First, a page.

This is an easy recipe from The Harrowsmith Cookbook, and credit is given to Shirley Hill of Picton Ontario. It’s quick to make and is always a big hit. I’ve been making it since I was in grade school. It doesn’t go that far, so I often double it. The key to these is to really beat them between ingredients. Don’t stop when the ingredients are mixed, give them a minute or more to beat at each step.
I finish the cookies 2 ways, with a little candied cherry or with a little silver ball.
1/2 lb. Butter
1/2 cup cornstarch
1/2 cup icing sugar
1 cup flour
Beat butter until light and add remaining ingredients one at a time, beating well after each addition. Roll into small balls and flatten with a fork (I JUST DROPPED MINE).
Bake at 300
F for 30 min.
Makes 3 dozen
Waffles are a Sunday morning fav around here. The boy eats them and I don’t mind whipping up a batch in the early hours. They are dead simple, fairly low on the sweet factor…until the syrup anyway.
MOMMYDO WAFFLE TIP: Cool your waffles on a wire rack instead of in a stack to have a yummy crisp crust on both sides.
Yes, these are a little ‘homey’ looking, but they taste fab. Super easy too.
My favourite recipe is here, and takes about 5 min plus cooking time. I use a big whisk instead of the hand blender as I often make them with the boy while the husband is still sleeping. And, I usually add a whole teaspoon of vanilla rather than the 1/2 noted in the recipe.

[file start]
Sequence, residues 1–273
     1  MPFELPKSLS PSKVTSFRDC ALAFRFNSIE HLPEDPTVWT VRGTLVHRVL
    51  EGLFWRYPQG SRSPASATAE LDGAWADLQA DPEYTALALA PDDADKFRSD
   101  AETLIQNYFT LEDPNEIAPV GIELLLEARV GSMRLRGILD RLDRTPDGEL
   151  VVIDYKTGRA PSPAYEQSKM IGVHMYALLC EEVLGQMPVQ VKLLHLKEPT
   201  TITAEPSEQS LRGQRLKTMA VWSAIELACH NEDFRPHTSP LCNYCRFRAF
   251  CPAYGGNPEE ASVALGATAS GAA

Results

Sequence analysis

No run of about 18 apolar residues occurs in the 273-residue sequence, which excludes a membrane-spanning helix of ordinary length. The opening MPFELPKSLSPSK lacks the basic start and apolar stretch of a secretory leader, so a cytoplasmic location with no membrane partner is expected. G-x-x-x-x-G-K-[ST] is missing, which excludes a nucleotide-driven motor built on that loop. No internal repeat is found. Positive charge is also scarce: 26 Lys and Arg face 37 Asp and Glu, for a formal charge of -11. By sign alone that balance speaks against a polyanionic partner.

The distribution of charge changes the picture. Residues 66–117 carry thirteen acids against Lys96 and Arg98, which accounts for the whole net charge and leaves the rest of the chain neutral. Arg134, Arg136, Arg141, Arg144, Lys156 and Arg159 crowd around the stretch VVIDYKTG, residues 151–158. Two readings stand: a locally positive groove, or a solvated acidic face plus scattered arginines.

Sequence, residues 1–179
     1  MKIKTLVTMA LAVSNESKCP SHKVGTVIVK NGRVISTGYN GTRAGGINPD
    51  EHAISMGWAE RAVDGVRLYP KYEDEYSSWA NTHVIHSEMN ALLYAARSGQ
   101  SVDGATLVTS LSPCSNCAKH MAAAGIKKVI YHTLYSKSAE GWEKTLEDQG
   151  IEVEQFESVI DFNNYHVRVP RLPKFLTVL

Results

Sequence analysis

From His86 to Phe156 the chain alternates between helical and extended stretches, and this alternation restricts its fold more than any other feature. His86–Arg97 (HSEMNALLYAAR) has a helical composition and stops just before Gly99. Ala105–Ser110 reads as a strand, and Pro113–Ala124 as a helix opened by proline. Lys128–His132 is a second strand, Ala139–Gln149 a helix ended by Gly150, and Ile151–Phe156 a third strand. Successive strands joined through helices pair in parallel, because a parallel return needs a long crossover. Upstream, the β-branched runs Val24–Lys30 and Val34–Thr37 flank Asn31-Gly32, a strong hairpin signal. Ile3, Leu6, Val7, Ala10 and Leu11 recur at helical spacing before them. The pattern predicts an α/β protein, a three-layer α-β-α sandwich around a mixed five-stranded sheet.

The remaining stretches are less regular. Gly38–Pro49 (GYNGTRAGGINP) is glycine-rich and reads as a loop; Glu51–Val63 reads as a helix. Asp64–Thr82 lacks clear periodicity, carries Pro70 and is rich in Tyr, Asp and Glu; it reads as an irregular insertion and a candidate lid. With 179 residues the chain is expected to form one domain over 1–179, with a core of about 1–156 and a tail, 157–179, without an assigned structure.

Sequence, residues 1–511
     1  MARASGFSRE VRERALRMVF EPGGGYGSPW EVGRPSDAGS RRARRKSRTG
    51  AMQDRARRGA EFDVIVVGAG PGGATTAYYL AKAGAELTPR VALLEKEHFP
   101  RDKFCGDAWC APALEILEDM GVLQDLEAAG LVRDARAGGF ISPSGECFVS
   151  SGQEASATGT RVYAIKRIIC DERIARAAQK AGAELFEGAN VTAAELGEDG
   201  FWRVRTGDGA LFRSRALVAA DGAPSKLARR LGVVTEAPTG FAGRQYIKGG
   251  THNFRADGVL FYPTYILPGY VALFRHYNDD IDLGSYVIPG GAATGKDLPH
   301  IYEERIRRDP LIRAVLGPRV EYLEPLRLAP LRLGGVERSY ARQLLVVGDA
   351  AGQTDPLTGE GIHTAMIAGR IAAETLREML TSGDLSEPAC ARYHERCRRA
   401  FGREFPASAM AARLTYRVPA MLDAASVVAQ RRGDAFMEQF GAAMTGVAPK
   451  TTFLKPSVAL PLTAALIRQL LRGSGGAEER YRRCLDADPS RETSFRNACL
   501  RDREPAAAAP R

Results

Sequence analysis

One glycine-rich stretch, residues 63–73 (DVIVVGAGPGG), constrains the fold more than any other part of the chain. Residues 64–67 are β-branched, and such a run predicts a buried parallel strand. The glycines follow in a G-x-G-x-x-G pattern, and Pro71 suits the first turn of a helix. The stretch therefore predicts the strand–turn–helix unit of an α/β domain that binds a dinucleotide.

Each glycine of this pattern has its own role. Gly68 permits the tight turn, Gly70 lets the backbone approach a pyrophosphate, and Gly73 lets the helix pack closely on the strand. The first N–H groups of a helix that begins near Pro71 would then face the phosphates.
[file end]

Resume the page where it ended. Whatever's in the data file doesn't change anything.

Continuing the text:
In case you’re thinking “wow, I could really use a waffle maker” I have a Cuisinart like this one and it works great.
Waffles. Wire rack. You’re welcome.
This isn’t a sponsored post. Just a note about stuff I have that I like,
If you do, you need this book:
The Artisan Bread Machine by Judith Fertig
It is DEF a MOMMYDO favourite. If you have the machine, but not the book, try this simple but delicious white bread recipe from page 24.
Blue Ribbon Bread Machine Bread – 2LB loaf
8tsp granulated sugar
1 1/2tsp instant or bread machine yeast
1 1/3 cups water
1/3 cup vegetable oil
4 cups flour
2 tsp salt
1. Add sugar, yeast and water to the bread pan. Let stand for 10 minutes or until yeast starts to bubble.
2. Add oil. Spoon flour on top of liquid. Add salt.
3. Select the Basic/White cycle and Light Crust setting and press start.
NOTE: As with all bread machine recipes, it’s important to add the ingredients in the right order.
Oops. The salt and the yeast need to be separated by the flour.
Live and learn. Live and learn.